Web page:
Civil rights groups called Wednesday for a six-month moratorium on foreclosures resulting from high-risk loans given to people with shaky credit, arguing that lenders should help borrowers refinance their mortgages or face lawsuits.
A coalition of advocacy groups said mortgage lenders should immediately halt foreclosures on so-called subprime mortgage loans made at high interest rates to people with weak credit histories.
The groups, at a news conference in Washington, D.C., said a predicted wave of foreclosures stems from “reckless and unaffordable loans” for which investors bear some responsibility. They also said lenders, real estate agents and investors who bought subprime loans could face lawsuits under a federal law prohibiting housing discrimination.
Lenders, they said, should help homeowners affected by the problems in the high-risk mortgage market by allowing them to refinance their mortgages into conventional 30-year mortgages with a fixed interest rate.
“We know that there are safe and affordable loans that meet the needs of our communities,” said Janet Murguia, president of the National Council of La Raza, the nation’s largest Hispanic civil rights group. “We are calling on them to match families to the sustainable loans that they should have gotten in the first place...There are homes of families that can be salvaged.”
The mortgage industry said lenders are already working to help distressed borrowers. John Robbins, chairman of the Mortgage Bankers Association, said many lenders are setting up payment plans to help avoid foreclosures among borrowers, many of whom have a hard time qualifying for refinancing.
“They are trapped and we are doing everything we can to help them, including looking at new products designed to help troubled borrowers,” Robbins said in a prepared statement.
James Ballentine, director of housing and economic development at the American Bankers Association, said the call for a six-month moratorium is an “overreaction” to problems in the mortgage market.
There are many reasons borrowers default — including medical bills and the loss of a jobs — that don’t necessarily mean a lender took advantage of them, Ballentine said.
The advocacy groups said high-interest rate subprime loans harm black and Hispanic homebuyers the most, citing data from 2005 showing that subprime loans represented more than 50 percent of all mortgages taken out by African American borrowers and 40 percent of Latino borrowers, compared with 19 percent of white borrowers.
The coalition argued that under the nation’s fair housing laws, anyone involved in providing risky loans to minority borrowers who could not afford them could be held legally responsible — including real estate brokers, banks, mortgage companies and investment firms.
Investment banks and commercial banks such as Bank of America Corp., Citigroup Inc., Credit Suisse Group, Goldman Sachs Group Inc. and Morgan Stanley provided subprime mortgage originators with short-term financing, bought loans from them and pooled those loans into securities to sell to investors.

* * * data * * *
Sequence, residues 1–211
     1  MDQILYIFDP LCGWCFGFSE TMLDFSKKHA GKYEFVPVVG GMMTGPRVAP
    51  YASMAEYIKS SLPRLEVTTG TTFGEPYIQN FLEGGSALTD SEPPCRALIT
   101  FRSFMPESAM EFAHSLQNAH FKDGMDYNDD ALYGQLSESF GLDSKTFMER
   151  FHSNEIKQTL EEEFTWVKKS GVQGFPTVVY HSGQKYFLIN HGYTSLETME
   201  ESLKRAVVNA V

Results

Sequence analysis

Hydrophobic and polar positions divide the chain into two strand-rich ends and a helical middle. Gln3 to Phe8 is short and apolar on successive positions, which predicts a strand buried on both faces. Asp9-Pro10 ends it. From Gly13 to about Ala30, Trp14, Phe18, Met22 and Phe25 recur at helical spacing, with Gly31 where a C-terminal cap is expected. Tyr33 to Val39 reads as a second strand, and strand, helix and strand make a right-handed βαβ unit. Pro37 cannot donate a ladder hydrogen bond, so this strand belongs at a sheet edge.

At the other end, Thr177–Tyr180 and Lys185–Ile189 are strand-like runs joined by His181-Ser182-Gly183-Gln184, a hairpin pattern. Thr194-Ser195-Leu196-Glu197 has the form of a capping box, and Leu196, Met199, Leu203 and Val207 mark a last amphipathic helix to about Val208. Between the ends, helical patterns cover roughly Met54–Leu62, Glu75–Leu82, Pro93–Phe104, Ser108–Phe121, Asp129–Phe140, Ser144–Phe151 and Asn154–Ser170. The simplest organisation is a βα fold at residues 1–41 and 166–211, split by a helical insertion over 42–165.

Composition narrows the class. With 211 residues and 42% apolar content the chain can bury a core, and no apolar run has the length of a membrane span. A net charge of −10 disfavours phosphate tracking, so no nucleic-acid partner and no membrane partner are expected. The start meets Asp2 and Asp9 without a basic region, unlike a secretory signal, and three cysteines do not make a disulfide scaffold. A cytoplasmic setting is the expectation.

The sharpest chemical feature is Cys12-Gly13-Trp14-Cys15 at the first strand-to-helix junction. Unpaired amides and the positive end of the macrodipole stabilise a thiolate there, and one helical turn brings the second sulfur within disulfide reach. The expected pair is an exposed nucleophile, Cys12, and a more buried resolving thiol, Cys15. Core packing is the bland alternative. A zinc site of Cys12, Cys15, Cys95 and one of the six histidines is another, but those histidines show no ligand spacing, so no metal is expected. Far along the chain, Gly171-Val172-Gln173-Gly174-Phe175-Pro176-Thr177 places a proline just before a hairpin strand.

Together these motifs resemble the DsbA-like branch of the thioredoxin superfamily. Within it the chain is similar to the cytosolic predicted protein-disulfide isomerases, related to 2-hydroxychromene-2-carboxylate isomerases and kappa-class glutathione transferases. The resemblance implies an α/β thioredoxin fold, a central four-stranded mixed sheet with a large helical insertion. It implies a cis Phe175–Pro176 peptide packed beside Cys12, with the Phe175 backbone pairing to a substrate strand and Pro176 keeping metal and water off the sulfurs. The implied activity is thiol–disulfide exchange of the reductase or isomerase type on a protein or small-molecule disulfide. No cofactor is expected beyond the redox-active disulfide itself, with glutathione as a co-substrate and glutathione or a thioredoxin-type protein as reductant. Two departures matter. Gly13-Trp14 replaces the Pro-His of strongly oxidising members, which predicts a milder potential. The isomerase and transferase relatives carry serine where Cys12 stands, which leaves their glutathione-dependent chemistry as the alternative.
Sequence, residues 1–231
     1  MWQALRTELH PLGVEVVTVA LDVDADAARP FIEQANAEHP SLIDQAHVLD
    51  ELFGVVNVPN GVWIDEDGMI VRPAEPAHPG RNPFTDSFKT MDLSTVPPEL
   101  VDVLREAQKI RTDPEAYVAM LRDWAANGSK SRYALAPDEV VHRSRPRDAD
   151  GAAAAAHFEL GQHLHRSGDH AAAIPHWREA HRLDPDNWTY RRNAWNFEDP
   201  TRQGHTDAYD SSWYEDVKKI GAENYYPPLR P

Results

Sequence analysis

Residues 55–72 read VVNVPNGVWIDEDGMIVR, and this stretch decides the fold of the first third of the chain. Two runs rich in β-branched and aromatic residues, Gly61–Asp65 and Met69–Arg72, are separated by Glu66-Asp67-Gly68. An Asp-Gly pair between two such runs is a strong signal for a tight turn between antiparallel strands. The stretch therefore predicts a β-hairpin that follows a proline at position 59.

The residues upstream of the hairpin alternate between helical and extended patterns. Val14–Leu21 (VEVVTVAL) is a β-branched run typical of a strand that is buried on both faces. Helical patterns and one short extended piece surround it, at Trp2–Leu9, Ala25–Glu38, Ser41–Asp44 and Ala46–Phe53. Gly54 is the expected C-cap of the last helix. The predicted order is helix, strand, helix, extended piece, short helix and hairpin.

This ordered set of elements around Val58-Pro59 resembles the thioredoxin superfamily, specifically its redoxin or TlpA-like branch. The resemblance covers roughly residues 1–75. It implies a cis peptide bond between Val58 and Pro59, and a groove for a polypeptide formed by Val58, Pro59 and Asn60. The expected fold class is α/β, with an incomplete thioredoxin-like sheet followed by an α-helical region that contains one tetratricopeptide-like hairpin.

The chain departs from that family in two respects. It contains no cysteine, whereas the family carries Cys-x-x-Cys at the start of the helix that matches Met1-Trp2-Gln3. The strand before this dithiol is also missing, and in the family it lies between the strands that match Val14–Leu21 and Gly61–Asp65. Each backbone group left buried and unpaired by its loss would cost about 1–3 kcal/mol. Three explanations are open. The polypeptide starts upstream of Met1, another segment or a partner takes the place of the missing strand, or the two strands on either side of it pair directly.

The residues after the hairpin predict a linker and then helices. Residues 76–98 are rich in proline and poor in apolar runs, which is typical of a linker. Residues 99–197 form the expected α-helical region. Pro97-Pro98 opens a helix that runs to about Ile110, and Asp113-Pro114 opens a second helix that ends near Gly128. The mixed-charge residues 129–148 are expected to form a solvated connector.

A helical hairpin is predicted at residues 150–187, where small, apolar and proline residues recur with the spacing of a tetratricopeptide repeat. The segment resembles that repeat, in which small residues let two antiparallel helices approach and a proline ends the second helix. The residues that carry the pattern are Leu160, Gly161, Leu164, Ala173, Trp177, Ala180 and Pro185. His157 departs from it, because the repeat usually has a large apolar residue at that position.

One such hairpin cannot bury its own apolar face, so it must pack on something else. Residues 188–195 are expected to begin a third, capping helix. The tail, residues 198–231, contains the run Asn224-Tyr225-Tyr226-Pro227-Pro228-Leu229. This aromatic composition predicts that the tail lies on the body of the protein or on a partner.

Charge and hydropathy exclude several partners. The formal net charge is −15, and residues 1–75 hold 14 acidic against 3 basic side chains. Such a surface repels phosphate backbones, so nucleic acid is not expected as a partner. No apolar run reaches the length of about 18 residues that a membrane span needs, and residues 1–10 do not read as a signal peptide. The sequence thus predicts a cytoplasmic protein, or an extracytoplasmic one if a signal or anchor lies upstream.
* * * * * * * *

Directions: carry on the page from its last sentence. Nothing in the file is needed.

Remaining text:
Shanna Smith, chief executive of the National Fair Housing Alliance, said that, rather than going through with foreclosures, it would be cheaper for investors to replace mortgages at risk of default with loans that homeowners can afford.
“Why not refinance these loans?” she said. “The investor may lose a little bit of money, but they’re not going to lose a lot of money.”
The groups also said any anti-predatory lending legislation considered by Congress should give borrowers the right to sue their lenders.
The chairman of the House Financial Services Committee, Rep. Barney Frank, D-Mass., said providing relief to homeowners in danger of foreclosure is a priority, but said something as far-reaching as a six-month moratorium may not be possible, given the difficulties in determining who would qualify.
“Clearly some action is necessary,” Frank said in an interview.
The distress in the market for subprime mortgages has roiled financial markets and stoked anxiety that it could spill over into the broader economy. Lender New Century Financial Corp. filed for Chapter 11 bankruptcy protection on Monday.
The real estate market’s nationwide downturn has hammered employment in the real estate industry. Consulting firm Challenger, Gray & Christmas Inc. said Wednesday that job cuts in housing, including real estate, construction and mortgage lending, soared to more than 21,000 in the first quarter, compared with nearly 4,800 in the same quarter last year.
More than two dozen subprime lenders have either closed their doors or gone bankrupt since late last year. Those that remain in business have drastically trimmed their staffs, and larger, national lenders have eliminated jobs in their subprime mortgage divisions as they tighten credit standards.
Advocates say the mortgage problems are hitting homeowners in low-income neighborhoods the hardest. A study released Wednesday said by the Philadelphia-based Reinvestment Fund, said one in 30 Philadelphia homeowners has been a victim of predatory lending.